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Moti brothers kidnapping: Silence may signal negotiations are at a sensitive stage, says former police negotiator

Graeme Hosken Senior reporter
The Moti brothers who were kidnapped are Zidan, 6, Zayyad, 11, Alaan, 13 and Zia, 15.
The Moti brothers who were kidnapped are Zidan, 6, Zayyad, 11, Alaan, 13 and Zia, 15.
Image: Supplied

As the kidnapping of the four Moti brothers enters its second week, the silence on their fate may be a sign there could be a resolution.

This is the view of former leading police hostage negotiator Manie van der Merwe.

“Silence is crucial. When there is a media blackout on such a high-profile incident, such as this one, it usually means some kind of resolution to the event is close,” said Van der Merwe, who retired last month.

Police teams assigned to work on securing hostages' freedom can involve a core team of 10 senior officers and up to 200 people on the ground
Former leading police hostage negotiator Manie van der Merwe.

Two weeks ago seven gunmen attacked and kidnapped the Moti brothers — Zidan, 6, Zayyad, 11, Alaan, 13, and Zia, 15 — while they were being driven from their Crescent Street home in Polokwane’s Nirvana suburb to the nearby Curro Heuwelkruin School.

The assault occurred on the R37/N1 on-ramp when the attackers, who opened fire with R5 rifles and handguns, used a black Mercedes-Benz and white Kia Sorento to block the children and their driver and force them to stop.

Sources close to the investigation said it is believed the children were forced into a third car, possibly a silver SUV parked off the road in undergrowth,  and driven away in an unknown direction.

The moments leading up to the kidnapping of the four Moti brothers
The moments leading up to the kidnapping of the four Moti brothers
Image: Nolo Moima

The brothers have not been seen since, with the kidnappers reportedly not making ransom demands for their release.

Van der Merwe said kidnapping-related hostage negotiations could be extremely complicated, with each situation differing. 

The kidnapping of four siblings, however, was “extraordinary”.

“This is uncharted territory in terms of SA kidnappings, with kidnappers usually taking one child,  usually the youngest.”

Huge teams work to save hostages

Broadly speaking, he said, media blackouts were desired, especially when negotiations were at a sensitive stage.

“It usually means a resolution of some sort is near, and things are coming to an end one way or another, with either the hostages about to be released or police closing in on the kidnappers.”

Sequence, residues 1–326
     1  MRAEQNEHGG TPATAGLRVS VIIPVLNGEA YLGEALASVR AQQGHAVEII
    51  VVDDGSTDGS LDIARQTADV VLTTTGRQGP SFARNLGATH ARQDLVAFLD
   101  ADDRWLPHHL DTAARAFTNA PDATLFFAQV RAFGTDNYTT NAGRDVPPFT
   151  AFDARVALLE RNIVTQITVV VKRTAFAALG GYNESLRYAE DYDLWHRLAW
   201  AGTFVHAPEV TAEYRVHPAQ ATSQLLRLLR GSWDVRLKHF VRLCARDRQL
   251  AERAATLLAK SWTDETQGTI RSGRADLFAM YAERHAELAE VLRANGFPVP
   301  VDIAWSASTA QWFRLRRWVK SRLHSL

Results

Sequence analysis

Van der Merwe said the number one objective in negotiations was the preservation of life, including the lives of the kidnappers.

“This is done by building trust with the kidnappers. Trust is established by building a relationship with the perpetrators, sticking to what you tell the kidnappers and ensuring you deliver on any promises you make. 

“One never lies to a perpetrator and you always assure them you are there to resolve the situation peacefully and get everyone out alive, including them.”

He said the police team involved in securing the hostages' freedom would be immense, especially in cases such as the Moti kidnapping.

“There will be a core team of 10 senior officers, who, if children are involved, will include members of the family violence, child protection and sexual offences unit, detectives and a hostage negotiator.

“The officers on the ground can number nearly 200 people. They will include detectives, telecommunication specialists, cybercrimes investigators and crime intelligence officers. If force is required to free the hostages the team will include members of the special task force, national intervention unit and tactical response team.”

Payment of ransoms frowned upon

Complicating some hostage negotiations, he said, were the demands for ransoms, with payment often demanded in cryptocurrencies.

“Cryptocurrency is demanded as payment because of the difficulty in tracing its movement once paid. Ransoms also vary extensively depending on a family’s wealth. 

“In SA the police do not condone the paying of ransoms. The problem is families, who often don’t trust the police to get their loved ones safely back to them, go behind the backs of negotiators and investigators to pay ransoms.

“Ransoms are not surety the hostages will be released.

“Negotiations around kidnappings, especially if a wealthy family is involved, can easily go on for a week or more. Families, if they doubt the police’s efforts to secure their loved ones, [could] keep contact with the kidnappers in secret and then pay the ransom

“As a negotiator this is one of your biggest fears as it undermines your work.”

He said kidnappings of foreign business people was on the rise in SA, especially of Chinese, Pakistanis, Somalians and Nigerians. 

A representative of the Pakistani South African Association said it was concerned about the trend.

“We have warned the authorities that these crimes will increase. The authorities need to show a harsh stance against these crimes.”

The representative, asking not to be named for fear of retribution, said after victims were released they did not speak about their ordeal out of fear they would be targeted again and the police could not protect them.

He said powerful gangs were behind the kidnapping of Pakistani and Bangladeshi businessmen and their families.

“In most cases, our own nationals [Pakistanis] are behind the kidnappings of Pakistani people. They need to be apprehended and deported.”

TimesLIVE


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